By editorial board • 

City parks demand stronger commitment

There’s nothing wrong with McMinnville parks that $87,000 a year wouldn’t cure. Unfortunately, the money simply isn’t there — at least not in the city’s public works budget or parent general fund budget, city officials tell us.

Oh well, they say. Whaddya gonna do?

We’re sorry, but that kind of thinking just isn’t satisfactory going forward.

McMinnville’s population is expanding, spurring demand for more park facilities. And the city is using entirely different funding channels to provide them, working through an entirely different department — Parks & Recreation. 

It makes no sense to us to have park maintenance farmed out to Public Works, which, understandably, considers roadbuilding a higher priority. Moving it under the umbrella of Parks & Recreation would improve both priority-setting and coordination.

However, that’s not the issue immediately at hand.

Some local parks have been plagued with overgrown weeds and rusting playground equipment. That needs to be addressed forthwith, through whatever channels are available.

While it’s charitable of local residents to roll up their sleeves and help tackle the job themselves, as detailed in a recent front-page story, park maintenance is a basic city responsibility.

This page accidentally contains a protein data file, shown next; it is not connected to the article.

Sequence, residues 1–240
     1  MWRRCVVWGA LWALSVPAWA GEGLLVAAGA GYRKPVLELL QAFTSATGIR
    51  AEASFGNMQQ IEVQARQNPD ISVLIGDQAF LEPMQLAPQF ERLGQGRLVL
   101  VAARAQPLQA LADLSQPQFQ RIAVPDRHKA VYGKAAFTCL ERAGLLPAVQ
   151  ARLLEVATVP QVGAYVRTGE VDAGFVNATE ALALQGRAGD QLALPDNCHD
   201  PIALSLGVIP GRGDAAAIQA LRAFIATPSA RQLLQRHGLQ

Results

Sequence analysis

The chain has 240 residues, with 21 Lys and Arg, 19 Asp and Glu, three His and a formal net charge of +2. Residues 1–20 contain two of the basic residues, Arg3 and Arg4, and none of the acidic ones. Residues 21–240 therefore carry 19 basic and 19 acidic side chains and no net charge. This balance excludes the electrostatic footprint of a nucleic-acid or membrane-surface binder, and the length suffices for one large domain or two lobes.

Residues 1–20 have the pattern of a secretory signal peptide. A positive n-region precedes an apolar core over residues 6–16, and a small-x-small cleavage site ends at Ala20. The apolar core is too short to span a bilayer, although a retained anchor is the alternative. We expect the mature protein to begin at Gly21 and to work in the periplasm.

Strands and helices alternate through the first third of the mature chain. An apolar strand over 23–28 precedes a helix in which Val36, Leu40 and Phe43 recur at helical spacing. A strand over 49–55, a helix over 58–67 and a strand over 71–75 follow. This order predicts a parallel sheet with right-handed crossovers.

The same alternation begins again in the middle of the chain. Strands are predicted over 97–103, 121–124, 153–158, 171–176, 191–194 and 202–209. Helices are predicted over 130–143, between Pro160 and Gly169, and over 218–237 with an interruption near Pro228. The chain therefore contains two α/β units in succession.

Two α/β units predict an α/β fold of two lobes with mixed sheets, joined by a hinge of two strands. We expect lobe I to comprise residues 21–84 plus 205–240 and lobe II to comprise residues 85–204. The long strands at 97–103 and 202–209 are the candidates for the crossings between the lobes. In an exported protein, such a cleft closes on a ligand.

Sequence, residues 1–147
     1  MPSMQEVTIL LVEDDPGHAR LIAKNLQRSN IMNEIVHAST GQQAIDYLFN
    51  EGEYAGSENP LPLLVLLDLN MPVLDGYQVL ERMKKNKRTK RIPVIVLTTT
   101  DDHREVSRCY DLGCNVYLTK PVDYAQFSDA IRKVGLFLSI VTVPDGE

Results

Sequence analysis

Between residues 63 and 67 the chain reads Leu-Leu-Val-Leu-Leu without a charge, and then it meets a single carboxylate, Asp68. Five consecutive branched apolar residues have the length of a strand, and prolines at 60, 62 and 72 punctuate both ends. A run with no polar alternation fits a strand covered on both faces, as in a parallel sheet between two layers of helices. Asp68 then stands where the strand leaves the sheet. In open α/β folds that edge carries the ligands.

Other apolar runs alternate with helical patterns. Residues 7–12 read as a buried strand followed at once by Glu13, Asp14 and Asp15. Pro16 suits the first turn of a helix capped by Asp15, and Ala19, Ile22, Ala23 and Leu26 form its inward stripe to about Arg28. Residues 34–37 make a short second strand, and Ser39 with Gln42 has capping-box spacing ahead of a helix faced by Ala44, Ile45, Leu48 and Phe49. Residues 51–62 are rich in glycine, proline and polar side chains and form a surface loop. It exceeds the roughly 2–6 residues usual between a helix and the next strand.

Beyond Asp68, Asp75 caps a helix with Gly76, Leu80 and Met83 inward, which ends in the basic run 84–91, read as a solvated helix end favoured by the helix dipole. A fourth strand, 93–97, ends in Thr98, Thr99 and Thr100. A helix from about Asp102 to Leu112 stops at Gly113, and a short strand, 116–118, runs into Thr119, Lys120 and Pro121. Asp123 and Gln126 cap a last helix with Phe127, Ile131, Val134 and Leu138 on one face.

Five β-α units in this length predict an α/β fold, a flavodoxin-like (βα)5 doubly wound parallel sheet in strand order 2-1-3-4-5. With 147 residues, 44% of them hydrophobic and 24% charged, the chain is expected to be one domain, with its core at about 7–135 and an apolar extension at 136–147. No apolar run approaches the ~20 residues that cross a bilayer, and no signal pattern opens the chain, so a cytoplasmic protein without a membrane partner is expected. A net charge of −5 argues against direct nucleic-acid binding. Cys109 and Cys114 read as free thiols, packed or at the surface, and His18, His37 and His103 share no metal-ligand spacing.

The city can find tens of millions of dollars to spend in other ways, so lack of money isn’t the explanation. The root problem is shortchanging our park system in favor of competing priorities.

McMinnville’s public works budget took an $87,000 hit during a round of budget cuts dictated in 2013. The deficit had to be absorbed somewhere, and park beautification must have seemed more a luxury than necessity, at least in comparative terms.

Of course, problems only grow larger when ignored. City work crews still face tight budgets, five years later. The difference is, now they also deal with a backlog of park maintenance needs.

Adding insult to injury, the city was just wrapping up an ambitious, high-visibility park development program at the time, thanks to a bond issue with powerful citizen support.

Lucy and Darrell King, who live near the Westside Bicycle/Pedestrian Greenway, between Baker Creek and Wallace roads, periodically tend to patches of dying vegetation. Instead of meaningful city attention, they also pull weeds and care for needy trees and shrubs.

The city heaps them with praise in response, but also with rationalizations for its own neglect, which are less welcome.

“They always tell me the same thing,” Lucy said. “They wish they could do it, but they just don’t have enough people and money ...”

It’s time the city quit dispensing excuses and started producing some action on the ground.

The Kings and like-minded citizens deserve more than attaboys. They merit a serious commitment to the cause.

McMinnville is blessed with a wonderful park system, but it’s in dire need of better upkeep.


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